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a nice surprise

Life insurance may cost less than you think.
By Robin Jones

When Mike Richards found out that his wife, Linda, was having twins, he figured it was time to buy some life insurance. He wanted to ensure his family’s financial security and know that his mortgage and kids’ college tuition would be covered if something were to happen to him.

To his surprise, his policy cost less than he expected. That’s not unusual, yet many people don’t buy life insurance because they worry about the cost. Worldwide research and consulting company LIMRA recently found that 85 percent of people without life insurance chose not to buy it because they thought it’d be too expensive. And 78 percent of those who already had some life insurance didn’t buy more for the same reason.

But LIMRA also found that the average cost of a 20-year $250,000 term life insurance policy for a healthy 30-year-old was $400 per year. That’s about $33 per month, less than most 30-year-olds spend on one dinner out with friends.

Here are a few ways to make life insurance even more affordable.

Buy early. Age is probably the most important factor in determining cost. Youth is generally an advantage. For example, the policy that costs a healthy 30-year-old $400 a year could cost a healthy 50-year-old closer to $1,500. So it’s best to buy coverage as soon as someone depends on your income. If you purchase your policy when you’re young and healthy, consider locking in your low rate for as long as possible. A permanent policy like whole life or universal life might go for up to 30 years or longer.

Stay healthy. Health is generally the second most important thing insurers consider when they set premiums. Most companies will charge smokers and the obese more. Rates also increase for those with other health conditions such as high blood pressure, heart disease, or diabetes.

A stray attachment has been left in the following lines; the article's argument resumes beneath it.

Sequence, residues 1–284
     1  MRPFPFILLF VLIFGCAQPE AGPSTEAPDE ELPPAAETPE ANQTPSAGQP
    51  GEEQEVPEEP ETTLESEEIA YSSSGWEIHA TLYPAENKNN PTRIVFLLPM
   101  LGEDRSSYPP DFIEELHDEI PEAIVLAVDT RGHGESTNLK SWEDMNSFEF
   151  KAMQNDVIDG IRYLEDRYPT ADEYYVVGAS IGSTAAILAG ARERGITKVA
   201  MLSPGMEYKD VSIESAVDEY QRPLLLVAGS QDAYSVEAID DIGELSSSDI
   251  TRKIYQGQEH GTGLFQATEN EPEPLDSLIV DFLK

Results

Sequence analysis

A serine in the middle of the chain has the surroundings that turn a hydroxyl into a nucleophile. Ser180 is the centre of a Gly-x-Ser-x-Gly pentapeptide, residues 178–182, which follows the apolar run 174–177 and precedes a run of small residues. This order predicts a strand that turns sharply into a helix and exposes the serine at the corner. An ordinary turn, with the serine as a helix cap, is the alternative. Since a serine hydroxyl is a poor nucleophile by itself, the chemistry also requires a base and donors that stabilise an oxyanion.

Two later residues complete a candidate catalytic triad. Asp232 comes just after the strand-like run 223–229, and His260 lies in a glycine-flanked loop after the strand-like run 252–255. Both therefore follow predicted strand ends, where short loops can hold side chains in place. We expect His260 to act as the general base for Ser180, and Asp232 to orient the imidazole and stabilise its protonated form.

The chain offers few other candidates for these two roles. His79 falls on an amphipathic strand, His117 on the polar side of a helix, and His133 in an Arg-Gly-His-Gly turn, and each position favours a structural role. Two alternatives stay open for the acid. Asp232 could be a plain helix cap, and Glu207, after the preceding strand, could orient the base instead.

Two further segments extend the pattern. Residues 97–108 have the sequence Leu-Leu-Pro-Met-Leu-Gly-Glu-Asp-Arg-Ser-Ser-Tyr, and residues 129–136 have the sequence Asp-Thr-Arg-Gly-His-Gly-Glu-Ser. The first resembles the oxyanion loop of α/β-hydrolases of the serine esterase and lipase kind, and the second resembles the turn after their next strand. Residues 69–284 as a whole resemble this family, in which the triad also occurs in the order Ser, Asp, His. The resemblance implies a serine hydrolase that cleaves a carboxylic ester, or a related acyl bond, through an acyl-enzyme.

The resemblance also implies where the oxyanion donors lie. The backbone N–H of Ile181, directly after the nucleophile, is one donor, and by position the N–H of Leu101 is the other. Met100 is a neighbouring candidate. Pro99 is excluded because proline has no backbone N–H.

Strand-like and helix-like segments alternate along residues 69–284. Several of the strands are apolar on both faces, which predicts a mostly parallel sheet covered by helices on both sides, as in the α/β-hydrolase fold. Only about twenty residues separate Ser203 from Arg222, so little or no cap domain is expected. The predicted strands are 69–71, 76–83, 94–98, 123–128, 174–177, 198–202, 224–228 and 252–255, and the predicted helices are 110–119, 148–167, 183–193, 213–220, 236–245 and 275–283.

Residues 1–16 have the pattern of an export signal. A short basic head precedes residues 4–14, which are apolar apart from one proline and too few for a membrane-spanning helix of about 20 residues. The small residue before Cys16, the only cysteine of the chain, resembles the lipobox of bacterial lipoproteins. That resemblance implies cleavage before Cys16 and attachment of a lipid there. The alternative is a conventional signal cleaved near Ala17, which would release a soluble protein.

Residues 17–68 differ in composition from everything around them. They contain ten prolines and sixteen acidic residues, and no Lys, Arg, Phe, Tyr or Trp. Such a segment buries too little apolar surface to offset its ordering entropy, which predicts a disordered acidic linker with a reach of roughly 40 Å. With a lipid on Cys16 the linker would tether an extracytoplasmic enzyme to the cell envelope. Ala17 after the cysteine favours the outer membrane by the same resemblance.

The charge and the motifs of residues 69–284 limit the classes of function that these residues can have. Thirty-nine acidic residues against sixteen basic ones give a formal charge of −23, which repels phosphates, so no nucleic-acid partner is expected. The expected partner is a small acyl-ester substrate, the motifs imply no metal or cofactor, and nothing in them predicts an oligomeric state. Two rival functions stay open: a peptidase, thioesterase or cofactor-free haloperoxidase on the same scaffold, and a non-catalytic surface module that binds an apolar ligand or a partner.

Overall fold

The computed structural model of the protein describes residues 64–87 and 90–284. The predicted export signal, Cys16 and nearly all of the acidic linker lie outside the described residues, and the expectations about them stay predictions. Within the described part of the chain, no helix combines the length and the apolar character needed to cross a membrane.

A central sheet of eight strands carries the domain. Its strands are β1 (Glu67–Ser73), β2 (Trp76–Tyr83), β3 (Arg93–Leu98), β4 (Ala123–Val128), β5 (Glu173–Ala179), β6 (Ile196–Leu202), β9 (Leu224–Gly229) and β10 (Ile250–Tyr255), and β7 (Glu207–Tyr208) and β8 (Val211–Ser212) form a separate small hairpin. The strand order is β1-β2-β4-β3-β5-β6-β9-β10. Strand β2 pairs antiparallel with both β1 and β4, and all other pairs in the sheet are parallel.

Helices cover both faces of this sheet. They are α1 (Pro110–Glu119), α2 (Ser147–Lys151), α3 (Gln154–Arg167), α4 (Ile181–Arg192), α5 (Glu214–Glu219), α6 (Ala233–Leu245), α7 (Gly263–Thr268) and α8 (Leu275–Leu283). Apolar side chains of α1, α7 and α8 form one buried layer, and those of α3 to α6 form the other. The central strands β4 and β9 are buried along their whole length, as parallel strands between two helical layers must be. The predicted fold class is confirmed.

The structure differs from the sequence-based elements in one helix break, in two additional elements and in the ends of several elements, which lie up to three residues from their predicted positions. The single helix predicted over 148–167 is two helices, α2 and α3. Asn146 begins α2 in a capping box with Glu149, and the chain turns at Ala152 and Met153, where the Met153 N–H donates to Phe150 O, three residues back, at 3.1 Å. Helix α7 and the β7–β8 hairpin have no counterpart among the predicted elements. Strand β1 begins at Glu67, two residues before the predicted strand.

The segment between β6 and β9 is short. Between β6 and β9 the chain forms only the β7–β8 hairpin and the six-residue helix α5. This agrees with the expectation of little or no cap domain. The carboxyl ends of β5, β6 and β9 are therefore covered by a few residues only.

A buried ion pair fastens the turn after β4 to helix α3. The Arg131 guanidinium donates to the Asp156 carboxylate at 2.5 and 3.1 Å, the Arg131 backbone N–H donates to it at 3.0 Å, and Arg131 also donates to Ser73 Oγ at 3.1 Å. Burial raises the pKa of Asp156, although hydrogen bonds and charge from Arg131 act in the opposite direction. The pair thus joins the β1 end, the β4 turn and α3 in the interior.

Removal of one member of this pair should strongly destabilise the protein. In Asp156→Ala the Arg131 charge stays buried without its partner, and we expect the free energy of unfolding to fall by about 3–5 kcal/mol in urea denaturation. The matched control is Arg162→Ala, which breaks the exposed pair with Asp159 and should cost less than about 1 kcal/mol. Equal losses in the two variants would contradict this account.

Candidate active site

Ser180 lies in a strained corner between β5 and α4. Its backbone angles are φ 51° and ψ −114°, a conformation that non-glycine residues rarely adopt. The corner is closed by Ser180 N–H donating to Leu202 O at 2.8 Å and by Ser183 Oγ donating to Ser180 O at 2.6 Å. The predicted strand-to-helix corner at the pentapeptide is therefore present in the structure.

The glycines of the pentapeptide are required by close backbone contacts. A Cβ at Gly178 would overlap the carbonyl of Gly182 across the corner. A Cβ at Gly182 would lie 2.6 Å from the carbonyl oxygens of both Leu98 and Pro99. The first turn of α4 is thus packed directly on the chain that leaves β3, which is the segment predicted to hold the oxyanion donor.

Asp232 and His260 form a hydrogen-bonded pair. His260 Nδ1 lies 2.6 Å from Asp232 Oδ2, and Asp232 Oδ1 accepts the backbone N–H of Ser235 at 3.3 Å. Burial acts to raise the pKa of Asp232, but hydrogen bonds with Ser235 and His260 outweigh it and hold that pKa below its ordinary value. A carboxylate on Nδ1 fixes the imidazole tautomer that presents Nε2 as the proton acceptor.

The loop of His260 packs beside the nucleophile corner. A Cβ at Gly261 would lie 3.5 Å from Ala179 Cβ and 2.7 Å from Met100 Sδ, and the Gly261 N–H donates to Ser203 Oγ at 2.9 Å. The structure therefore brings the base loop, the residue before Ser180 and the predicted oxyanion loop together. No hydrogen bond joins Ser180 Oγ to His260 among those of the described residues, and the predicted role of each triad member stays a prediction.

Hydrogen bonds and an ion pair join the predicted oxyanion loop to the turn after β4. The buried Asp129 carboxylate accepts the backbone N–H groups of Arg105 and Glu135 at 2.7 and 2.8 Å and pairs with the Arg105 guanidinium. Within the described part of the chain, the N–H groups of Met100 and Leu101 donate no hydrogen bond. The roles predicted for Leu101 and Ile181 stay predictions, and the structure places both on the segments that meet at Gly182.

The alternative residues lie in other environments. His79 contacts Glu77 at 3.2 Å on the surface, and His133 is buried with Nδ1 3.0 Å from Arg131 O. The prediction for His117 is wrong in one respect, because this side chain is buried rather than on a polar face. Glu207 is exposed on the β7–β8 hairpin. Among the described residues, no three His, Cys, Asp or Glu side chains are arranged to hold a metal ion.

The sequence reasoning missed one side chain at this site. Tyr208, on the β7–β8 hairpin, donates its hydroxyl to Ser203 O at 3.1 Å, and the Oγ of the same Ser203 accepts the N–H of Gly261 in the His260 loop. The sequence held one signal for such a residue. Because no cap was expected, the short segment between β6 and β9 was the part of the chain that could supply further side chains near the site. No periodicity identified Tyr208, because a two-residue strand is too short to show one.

If you’re healthy, think about individual term insurance. A group policy through your workplace usually costs more because it has to cover the unhealthy people in the group.

Don’t overbuy. Purchasing too little life insurance risks leaving your family in a position where they can’t pay the bills. But premiums rise as coverage increases, which is why it’s important to meet with an experienced life insurance agent who can help you decide how much life insurance is right and explain the various life insurance products that may be available to you.

Consider a convertible term policy. Term life insurance, which covers you for a limited amount of time (a term), usually costs less than whole life or universal life. Those plans are referred to as permanent, because they can cover you for your entire life. Many people opt for term insurance because it’s more affordable. If you purchase term life insurance, make sure that it’s a convertible policy: one that can be converted to permanent insurance without having to re-qualify when you’re ready for a permanent policy.

Robin Jones is a contributor from Long Beach, Calif.

Your AAA life specialist can provide more information. To find one, call (855) 558-LIFE (5433), or go to AAA.com/insurance. AAA life specialists do not provide legal, tax, or financial advice.

Sep/Oct 2013 Issue

ASK AN AGENT

Montani

Q: I’ve heard of a type of life insurance where you get all of your money back. What is it?

A: Typically with term life insurance, you get nothing back if you outlive the policy. But some insurers, including AAA Life Insurance Company, offer an option called Return of Premium (ROP). If you purchase this rider, you can get 100 percent of the money paid into the policy back as long as you keep it in force for the full term.

Of course, there is a cost. For example, a $500,000 25-year term policy for a 33-year-old male may cost $76 a month with ROP and $33 without. But with ROP, you would get $22,836 back if you outlive the term–and statistics show that you likely will.

– Robert Montani
AAA Life Insurance Specialist
St. Louis, Mo.


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